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The road trip. Day one: Nashville

The road trip. Day one: Nashville

Long story short, I needed to move my black Volkswagen GTI, Ralph, from Raleigh, North Carolina to the town of Issaquah, Washington, just outside of Seattle. I could've shipped it, but instead decided to enlist my girlfriend, Lia, to help me tick an item off my bucket list and drive the roughly 4,000 miles, almost-coast to almost-coast. We planned our route based on projected sanity levels at various stages of the trip, and decided the predicted eight hour drive from Raleigh to Nashville was a sensible way to begin our first day. 

Downtown Nashville, as seen from the John Seigenthaler pedestrian bridge crossing the Cumberland River.

Downtown Nashville, as seen from the John Seigenthaler pedestrian bridge crossing the Cumberland River.

Ten hours, one Klan kountry gas stop, and a few burst blood vessels in my eye from concentrating on the road so hard later, we arrived in Nashville.

My entire sense of humour has basically devolved into quoting Master of None at any moment.

My entire sense of humour has basically devolved into quoting Master of None at any moment.

Despite being a broken man at this point, Lia insisted we make the most of our time, and so while I tried to find my human form in the bottom of the shower, she unleashed her Yelp mastery to find us some grub. We plumped on ramen - because when in Nashville, eat asian food. 

One thing I'm already looking forward to about winter: hot broth bowls brimming with porky, eggy, savoury goodness. Ramen creds: Two Ten Jack. May not have a sign in the door, but they have corn in their ramen. And that's what's important.

One thing I'm already looking forward to about winter: hot broth bowls brimming with porky, eggy, savoury goodness. Ramen creds: Two Ten Jack. May not have a sign in the door, but they have corn in their ramen. And that's what's important.

Following our server's recommendation, we decided to truly try and finish ourselves off on the first of the 10 days of driving ahead of us by seeking out some band playing something, somewhere in Nashville. It would've been rude not to.

Nashville's Snapchat geofilter, in real life. 

Nashville's Snapchat geofilter, in real life. 

East Nashville had a similarly grungy vibe to South Austin, which we'd visited earlier in the year. It was just a more manageable size. Hip, expensive shops lined the main drag towards downtown, and you couldn't get far without running into a local brewery, coffeeshop, or store selling those Carry On Cocktail kits (the red flag of a trendy boutique country-wide, we've determined).

We split a drink at The Family Wash and quietly debated whether the lead singer of the band was way younger than his bandmates or had just aged super well comparatively. 

We split a drink at The Family Wash and quietly debated whether the lead singer of the band was way younger than his bandmates or had just aged super well comparatively.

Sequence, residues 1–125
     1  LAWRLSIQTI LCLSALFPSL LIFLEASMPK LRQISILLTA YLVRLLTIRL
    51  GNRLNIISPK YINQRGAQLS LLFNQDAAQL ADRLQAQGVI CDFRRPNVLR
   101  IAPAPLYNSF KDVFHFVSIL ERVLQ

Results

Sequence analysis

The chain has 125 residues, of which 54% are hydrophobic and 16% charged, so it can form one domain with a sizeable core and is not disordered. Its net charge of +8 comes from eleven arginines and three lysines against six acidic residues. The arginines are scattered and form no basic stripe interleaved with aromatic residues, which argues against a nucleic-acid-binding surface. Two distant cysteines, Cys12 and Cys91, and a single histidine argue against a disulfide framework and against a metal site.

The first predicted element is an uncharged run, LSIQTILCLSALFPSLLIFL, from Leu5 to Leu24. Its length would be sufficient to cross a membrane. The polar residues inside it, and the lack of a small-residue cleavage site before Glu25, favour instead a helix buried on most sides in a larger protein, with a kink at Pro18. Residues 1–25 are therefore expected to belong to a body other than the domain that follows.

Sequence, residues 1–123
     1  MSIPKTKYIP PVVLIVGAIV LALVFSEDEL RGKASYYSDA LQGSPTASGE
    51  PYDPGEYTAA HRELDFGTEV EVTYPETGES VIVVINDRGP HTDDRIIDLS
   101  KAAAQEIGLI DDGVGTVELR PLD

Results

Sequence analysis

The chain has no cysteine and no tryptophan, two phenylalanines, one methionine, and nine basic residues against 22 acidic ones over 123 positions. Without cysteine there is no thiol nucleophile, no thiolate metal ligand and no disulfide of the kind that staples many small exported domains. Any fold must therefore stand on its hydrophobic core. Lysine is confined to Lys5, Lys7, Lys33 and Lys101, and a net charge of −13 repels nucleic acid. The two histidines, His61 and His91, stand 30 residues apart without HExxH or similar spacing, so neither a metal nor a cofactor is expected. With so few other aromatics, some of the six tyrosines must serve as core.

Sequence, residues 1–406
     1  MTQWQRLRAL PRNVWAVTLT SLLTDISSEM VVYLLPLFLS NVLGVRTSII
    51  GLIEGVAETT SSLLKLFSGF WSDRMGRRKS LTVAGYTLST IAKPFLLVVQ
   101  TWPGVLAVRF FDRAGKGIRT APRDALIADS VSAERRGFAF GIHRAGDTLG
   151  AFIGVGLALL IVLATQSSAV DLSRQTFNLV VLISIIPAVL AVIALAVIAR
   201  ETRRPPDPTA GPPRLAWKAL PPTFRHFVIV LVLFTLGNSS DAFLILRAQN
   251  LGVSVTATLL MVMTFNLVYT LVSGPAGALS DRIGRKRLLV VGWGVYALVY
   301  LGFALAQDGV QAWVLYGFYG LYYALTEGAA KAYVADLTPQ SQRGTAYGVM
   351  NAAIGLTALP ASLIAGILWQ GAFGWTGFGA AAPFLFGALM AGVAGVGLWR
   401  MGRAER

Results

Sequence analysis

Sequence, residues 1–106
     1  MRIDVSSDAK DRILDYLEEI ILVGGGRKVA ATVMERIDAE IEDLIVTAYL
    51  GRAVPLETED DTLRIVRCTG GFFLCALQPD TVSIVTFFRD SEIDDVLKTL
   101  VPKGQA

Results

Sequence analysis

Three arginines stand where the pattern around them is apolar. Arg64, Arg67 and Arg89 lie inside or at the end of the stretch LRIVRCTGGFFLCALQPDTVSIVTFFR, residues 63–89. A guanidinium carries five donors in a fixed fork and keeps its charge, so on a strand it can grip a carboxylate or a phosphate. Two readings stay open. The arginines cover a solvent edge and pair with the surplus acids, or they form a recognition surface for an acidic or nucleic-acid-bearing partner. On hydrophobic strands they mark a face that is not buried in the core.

Confident we'd indeed listened to some live music and not entirely wasted our evening in Honky Tonk Town, we head back to our temporary accommodation. Our Lyft driver told us she was dying to visit Boston, as she has "some serious Irish heritage." Giving her the benefit of the doubt while I violently rolled my eyes, Lia asked if she wanted to check out the Freedom Trail, or some of Boston's other magnificent history? Nope. "I want to check out the bars!"

The next morning we breakfasted at Sky Blue Cafe where I tried and loved my first milky oolong tea, before making the extremely hot walk to Broadway: Nashville's Times Square, with more cowboy boots. 

Jesus take the wheel

Jesus take the wheel

Broadway was hot, tacky, and far too early in the day for the amount of live country music flowing out of Jimmy Buffett's Margaritaville. 

We did check out the stunning lobby of the Union Station Hotel on our morning jaunt.

We did check out the stunning lobby of the Union Station Hotel on our morning jaunt.

And a book store with objectively too many books in it.

And a book store with objectively too many books in it.

The Grand Ole Opry (or, the Church of Country Music) was expensive so we didn't do it, and the Parthenon was miles away. So we turned around to find some lunch in our preferred part of town, East Nashville. 

In our search for parking, we stumbled upon maybe the most aggressively trendy coffee shop in the world. The baristas looked like they'd just come out the back from fixing vintage motorbikes. I got a 1,000 layer orange peel donut and Lia got an inconceivably hip orange/coffee drink that was made with high school chemistry classroom equipment.

In our search for parking, we stumbled upon maybe the most aggressively trendy coffee shop in the world. The baristas looked like they'd just come out the back from fixing vintage motorbikes. I got a 1,000 layer orange peel donut and Lia got an inconceivably hip orange/coffee drink that was made with high school chemistry classroom equipment.

And lunch we did, at one of the best taco spots in the city, simply named Mas Tacos Por Favor. Trust my graphic designer girlfriend to find the best menu typography in the city. 

And lunch we did, at one of the best taco spots in the city, simply named Mas Tacos Por Favor. Trust my graphic designer girlfriend to find the best menu typography in the city. 

Conscious of making good time, we departed mid-afternoon to St. Louis. I only accidentally ran one stop sign on our way out of town. All things considered, a good start. 

The road trip. Day two: St. Louis

The road trip. Day two: St. Louis

A belated Mother's Day in Charleston, SC

A belated Mother's Day in Charleston, SC